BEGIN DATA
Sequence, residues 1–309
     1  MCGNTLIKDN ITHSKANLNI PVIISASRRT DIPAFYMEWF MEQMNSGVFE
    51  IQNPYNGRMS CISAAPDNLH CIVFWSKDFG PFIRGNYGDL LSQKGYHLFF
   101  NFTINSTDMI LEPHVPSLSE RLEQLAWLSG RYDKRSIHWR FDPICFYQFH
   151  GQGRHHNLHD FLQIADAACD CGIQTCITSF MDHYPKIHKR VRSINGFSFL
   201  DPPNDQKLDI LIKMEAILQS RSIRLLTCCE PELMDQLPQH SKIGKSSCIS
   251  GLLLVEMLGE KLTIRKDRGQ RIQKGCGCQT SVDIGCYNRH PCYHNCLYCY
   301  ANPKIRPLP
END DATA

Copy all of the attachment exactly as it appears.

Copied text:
Sequence, residues 1–309
     1  MCGNTLIKDN ITHSKANLNI PVIISASRRT DIPAFYMEWF MEQMNSGVFE
    51  IQNPYNGRMS CISAAPDNLH CIVFWSKDFG PFIRGNYGDL LSQKGYHLFF
   101  NFTINSTDMI LEPHVPSLSE RLEQLAWLSG RYDKRSIHWR FDPICFYQFH
   151  GQGRHHNLHD FLQIADAACD CGIQTCITSF MDHYPKIHKR VRSINGFSFL
   201  DPPNDQKLDI LIKMEAILQS RSIRLLTCCE PELMDQLPQH SKIGKSSCIS
   251  GLLLVEMLGE KLTIRKDRGQ RIQKGCGCQT SVDIGCYNRH PCYHNCLYCY
   301  ANPKIRPLP